Along with the toilets, I did find the courage to use the showers here. They’re a cubicle-style that you might find in one of many other sites and, best of all, there is no charge or token required to use them… Currently. Signs stipulate that they would prefer you to be ‘economical’ with your water usage so that they do not have to ask you for money in future. Their taps have a push function – you push the button and warm water flows out for, say, fifteen seconds… To get more water, you would have to pump it again but I was conscious of doing it to often, with the wishes of the owners. This toilet/shower block was also cleaned daily.

Shallow Grange Campsite

Most of my meals were served from the boot of my estate car. Yes, you’ve seen my tent! As this was also mid-September with the nights drawing in before 21.00, I often found myself succumbing to the back seat of my car for dining. There were a few picnic tables strewn around the field and without packing any furniture of my own, I made my choice.

Shallow Grange Campsite

Speaking of food – a took a carton of UHT milk with me after a friend’s advice and it lasted well through the full three-nights. Instead of water or powdered milk, I was able to enjoy the real stuff with my porridge and tea each morning. This summer, I’ll be keen to see how long UHT milk might last under warmer conditions.

Shallow Grange Campsite

I seem to remember there being a tap for drinking water close to the edge of the top field and, also for the first time, I took a large bottle of orange squash with me – I drink it so often at home yet, I had never considered it may be ideal for camping trips.

Shallow Grange Campsite

When not boiling pasta, I found myself pouring boiling water in to a saché to create an ‘Adventure Meal’… At £5 per bag, I wasn’t sure of what to expected. But, my beef hotpot did taste very much like beef! It filled me up and I still had room for the sticky toffee pudding:

Shallow Grange Campsite

Although, I think I had to place the bag in a bowl of boiling water, for this one. Sadly, the taste wasn’t worthy of the mess it made to my pan.

Shallow Grange Campsite

My first full day on the camp site, leading up to my second night, turned out to be drier than had been forecast and I was able to enjoy a good walk around Dovedale. Returning to the camp site that evening; I found the majority of others had already departed… This was Sunday night and, but for one other tent, I’d have had the place to myself.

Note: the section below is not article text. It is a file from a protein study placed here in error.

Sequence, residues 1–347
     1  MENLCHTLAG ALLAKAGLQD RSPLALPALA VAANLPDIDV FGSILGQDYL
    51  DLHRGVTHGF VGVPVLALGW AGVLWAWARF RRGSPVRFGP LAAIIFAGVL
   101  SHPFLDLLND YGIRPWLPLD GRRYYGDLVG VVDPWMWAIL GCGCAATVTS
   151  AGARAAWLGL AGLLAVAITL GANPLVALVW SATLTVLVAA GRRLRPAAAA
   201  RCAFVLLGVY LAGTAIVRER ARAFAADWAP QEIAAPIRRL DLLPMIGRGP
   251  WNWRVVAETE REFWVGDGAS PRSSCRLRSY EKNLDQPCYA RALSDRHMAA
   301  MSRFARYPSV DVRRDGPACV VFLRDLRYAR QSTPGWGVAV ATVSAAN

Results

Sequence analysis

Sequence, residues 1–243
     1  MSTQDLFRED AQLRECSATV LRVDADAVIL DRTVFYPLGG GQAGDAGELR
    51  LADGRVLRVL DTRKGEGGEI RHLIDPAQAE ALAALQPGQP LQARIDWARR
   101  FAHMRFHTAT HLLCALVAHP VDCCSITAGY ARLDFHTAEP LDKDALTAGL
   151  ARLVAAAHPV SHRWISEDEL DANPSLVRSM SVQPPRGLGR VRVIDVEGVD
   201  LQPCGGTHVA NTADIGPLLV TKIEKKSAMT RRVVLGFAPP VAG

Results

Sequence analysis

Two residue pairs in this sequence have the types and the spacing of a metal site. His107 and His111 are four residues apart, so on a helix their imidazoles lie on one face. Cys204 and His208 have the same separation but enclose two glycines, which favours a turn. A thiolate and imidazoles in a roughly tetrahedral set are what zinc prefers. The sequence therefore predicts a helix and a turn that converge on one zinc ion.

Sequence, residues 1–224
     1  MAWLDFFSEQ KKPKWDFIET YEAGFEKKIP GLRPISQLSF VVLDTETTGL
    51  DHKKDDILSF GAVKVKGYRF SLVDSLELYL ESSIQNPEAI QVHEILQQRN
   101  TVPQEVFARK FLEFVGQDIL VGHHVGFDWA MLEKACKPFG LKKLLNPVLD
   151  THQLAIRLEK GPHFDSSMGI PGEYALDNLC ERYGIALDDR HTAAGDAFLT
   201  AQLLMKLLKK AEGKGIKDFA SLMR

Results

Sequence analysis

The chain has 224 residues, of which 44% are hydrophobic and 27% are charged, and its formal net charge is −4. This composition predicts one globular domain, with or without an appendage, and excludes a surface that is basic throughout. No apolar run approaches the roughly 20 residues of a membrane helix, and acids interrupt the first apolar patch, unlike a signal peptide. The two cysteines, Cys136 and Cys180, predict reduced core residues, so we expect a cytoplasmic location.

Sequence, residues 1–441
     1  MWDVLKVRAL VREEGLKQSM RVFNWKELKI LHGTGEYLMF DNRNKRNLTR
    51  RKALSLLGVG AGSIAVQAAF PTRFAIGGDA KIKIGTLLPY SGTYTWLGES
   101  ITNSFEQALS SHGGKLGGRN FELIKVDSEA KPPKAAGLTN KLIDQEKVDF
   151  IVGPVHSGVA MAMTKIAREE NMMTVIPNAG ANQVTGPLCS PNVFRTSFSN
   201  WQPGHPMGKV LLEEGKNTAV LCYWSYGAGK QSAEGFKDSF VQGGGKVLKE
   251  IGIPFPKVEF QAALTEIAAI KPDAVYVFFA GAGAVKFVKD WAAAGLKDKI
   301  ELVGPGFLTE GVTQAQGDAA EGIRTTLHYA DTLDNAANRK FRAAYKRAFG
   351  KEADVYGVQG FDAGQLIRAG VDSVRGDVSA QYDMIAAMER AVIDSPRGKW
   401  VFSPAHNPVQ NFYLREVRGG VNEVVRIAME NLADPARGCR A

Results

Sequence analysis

Shallow Grange Campsite

Twenty-four hours later and, on my final night, I slept alone in that field.

Shallow Grange Campsite

I felt privileged and very grateful for the experience. My first time camping for three consecutive nights on my own and I got to spend it in near solitude, without having delve deep in to wilderness. It was cold and I didn’t fancy the three-hour-plus drive home that would follow the next day but I could find contentment in that moment.

Shallow Grange Campsite

So, I enjoyed my stay at Shallow Grange and would happily recommend the site to anyone thinking of visiting the area. Perhaps I’ll even head there again later this year, should I take an opportunity to explore the Dark side of the Peak District.

Pros:

  • Clean, well-maintained site with welcoming owners.

  • Entrance gate can be operated from your car seat.

  • A short drive from Buxton with good access all round to the Peak District.

  • Away from built-up, urbanised areas without feeling in complete isolation.

  • You can park beside your tent.

  • Not unreasonably priced.

Cons:

  • Some people won’t like the close proximity of the busy B-road.

  • Tent pitches are on a slope.

  • There is no shop on site.

  • I don’t think fires were allowed.

I hope this helps and thanks for reading.